The king died and then the queen died is a story. The king died and then the queen died of grief is a plot.
–E.M. Forster, Aspects of the Novel
The modern screenwriting instructor would say that the grief-stricken queen has an arc: she lives, she saddens, she dies. For an arc you need at least three points: with only two you have a straight line. This blog also had an arc. It began uncertainly, thrashing about for topics and style. Gradually it found subject matter, in cultural criticism, and received a bit of notice. It grew, modestly in readers, by leaps and bounds in self-importance. Posts lengthened; intervals between posts lengthened vastly. At last the blog undertook to remake Western philosophy from the ground up, beginning with thermodynamics. This project included formulae and could not be understood without them — a more or less deliberate affront to the blog’s mostly literary readers. Alpha theory was pursued through seven installments, at immense intervals. The rest, inevitably, was silence.
This arc, which one might call Self-Immolation, was traced more impressively by the British band Talk Talk. They began as ordinary synth-poppers: The Party’s Over, their first record, could have been made by Duran Duran (for whom they opened on a 1982 tour) or any of two dozen groups of the period. Their second record, It’s My Life, is great of its kind but is still recognizable as a kind. Their third record, The Colour of Spring, is transitional; about half of it still sounds like rock and it can be enjoyed by people who are not tuned to the band’s precise wavelength. It was a commercial success, produced a hit single, “Life’s What You Make It,” and induced the band’s record company, EMI, to give them an immense budget and plenty of time to make their next record.
Alienating your audience and infuriating your sponsor are the essence of Self-Immolation, and Talk Talk disappointed on neither front. The band disappeared into an abandoned church, spent the budget and then some while refusing to release any advance tapes to the company, and emerged fourteen months later with Spirit of Eden. They proceeded to inform EMI that there would be no singles. No tour either, since the arrangements were too complex to recreate live. EMI nonetheless released “I Believe in You” as a single without permission. The band promptly sued. EMI countersued for breach of contract, on the grounds that this wasn’t the record they were expecting, or everybody has to tour whether he promised to or not, or the band could have made a hit record if they felt like it but they just didn’t feel like it, or something. One outcome of the litigation was that the group was forced to make a “video” for its “single.” By chance, on MTV, I saw what was probably its sole airing. It consisted of Mark Hollis, the singer, sitting on a stool, against a white background, singing and playing guitar, in one, uncut shot, for seven minutes.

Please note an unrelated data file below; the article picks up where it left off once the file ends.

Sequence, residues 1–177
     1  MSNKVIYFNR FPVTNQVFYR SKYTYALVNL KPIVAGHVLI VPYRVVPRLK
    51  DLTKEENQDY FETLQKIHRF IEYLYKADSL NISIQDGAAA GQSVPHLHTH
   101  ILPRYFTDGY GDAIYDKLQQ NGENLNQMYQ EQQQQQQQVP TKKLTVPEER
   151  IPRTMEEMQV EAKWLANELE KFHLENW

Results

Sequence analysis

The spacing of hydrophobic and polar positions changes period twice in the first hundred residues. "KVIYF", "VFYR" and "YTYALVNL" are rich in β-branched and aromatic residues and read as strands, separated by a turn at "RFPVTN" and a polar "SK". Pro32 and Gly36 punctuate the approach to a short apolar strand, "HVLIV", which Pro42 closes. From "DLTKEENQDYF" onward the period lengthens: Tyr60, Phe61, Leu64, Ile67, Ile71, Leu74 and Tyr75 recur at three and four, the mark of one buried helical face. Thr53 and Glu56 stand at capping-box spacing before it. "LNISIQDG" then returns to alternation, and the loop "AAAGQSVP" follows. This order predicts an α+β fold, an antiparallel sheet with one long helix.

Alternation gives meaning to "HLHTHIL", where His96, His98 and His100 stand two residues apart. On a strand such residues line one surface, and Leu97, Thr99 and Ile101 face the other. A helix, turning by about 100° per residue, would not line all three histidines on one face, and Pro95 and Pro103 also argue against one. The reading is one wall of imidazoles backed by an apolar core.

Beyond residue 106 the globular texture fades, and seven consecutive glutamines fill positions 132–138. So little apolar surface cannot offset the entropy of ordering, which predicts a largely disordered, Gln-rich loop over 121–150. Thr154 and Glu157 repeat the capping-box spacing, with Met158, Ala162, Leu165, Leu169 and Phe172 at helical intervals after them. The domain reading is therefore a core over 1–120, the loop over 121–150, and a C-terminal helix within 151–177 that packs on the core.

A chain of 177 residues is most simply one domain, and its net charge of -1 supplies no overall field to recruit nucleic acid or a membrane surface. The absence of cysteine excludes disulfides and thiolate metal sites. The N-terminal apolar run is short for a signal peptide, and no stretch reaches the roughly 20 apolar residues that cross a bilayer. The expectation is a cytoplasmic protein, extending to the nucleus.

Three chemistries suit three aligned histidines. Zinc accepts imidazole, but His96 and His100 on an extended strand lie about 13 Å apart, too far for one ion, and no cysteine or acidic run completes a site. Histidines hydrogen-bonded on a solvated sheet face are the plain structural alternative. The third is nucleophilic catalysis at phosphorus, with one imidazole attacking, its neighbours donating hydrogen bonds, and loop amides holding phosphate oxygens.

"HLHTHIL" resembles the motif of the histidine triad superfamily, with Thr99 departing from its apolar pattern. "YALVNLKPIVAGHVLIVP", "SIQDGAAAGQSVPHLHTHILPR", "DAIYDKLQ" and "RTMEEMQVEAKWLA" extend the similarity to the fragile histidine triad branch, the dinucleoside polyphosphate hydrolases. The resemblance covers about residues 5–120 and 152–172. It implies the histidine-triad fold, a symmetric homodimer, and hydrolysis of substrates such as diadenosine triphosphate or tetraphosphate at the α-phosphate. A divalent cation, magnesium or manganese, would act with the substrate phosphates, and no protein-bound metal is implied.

Spirit of Eden was an equally spectacular critical success and commercial flop. It does not resemble any other music I know, except the band’s next and last record. I cannot, in words, make it seem palatable, let alone appetizing. (This may be a general problem; music critics seem to write around the music rather than about it.) It sounds, to the unaccustomed ear, like long stretches of whale sounds punctuated by brief outbursts of noisy free jazz. Regardless, listening to it is as close, with music, as I have ever come to the “transcendence” about which George Hunka and AC Douglas have been known to natter on and in which I usually profess not to believe.
After Spirit of Eden the band moved to Verve and made Laughing Stock, the same sort of thing only more so. There was nothing left to do but break up. As Mark Hollis put it in an interview, “When we finished Laughing Stock, there was no way I could get my head around doing another album because what we’d just done was so complete an expression of what I wanted to do, that the idea of writing something different just seemed impossible at the time.” There, in a sentence, is the Self-Immolator’s credo.
Yet it is difficult, without dying, to self-immolate entirely. Time hangs heavily. Talk Talk’s other members went on to form other bands and do other things. Hollis himself released a solo record years later, so ethereal that it is barely there. Although he has not been heard from in nearly a decade I would not be too surprised to see him return again.
In my own far smaller way, I too have decided to spoil my story arc and revive the blog. Partly because I have reached an age where I forget what I don’t write down, and partly because — well, I miss you guys.
Still, Hollis’s philosophy is a bit grandiose for me. I prefer to draw my inspiration from Derek Smalls, Spinal Tap bassist, who tells the band, before their first post-Nigel gig, as it dawns on them that without Nige they have no songs left to play, “You know what that leaves, don’t you? Jazz odyssey.” Welcome, then, to God of the Machine Mach 2. We hope you enjoy our new direction.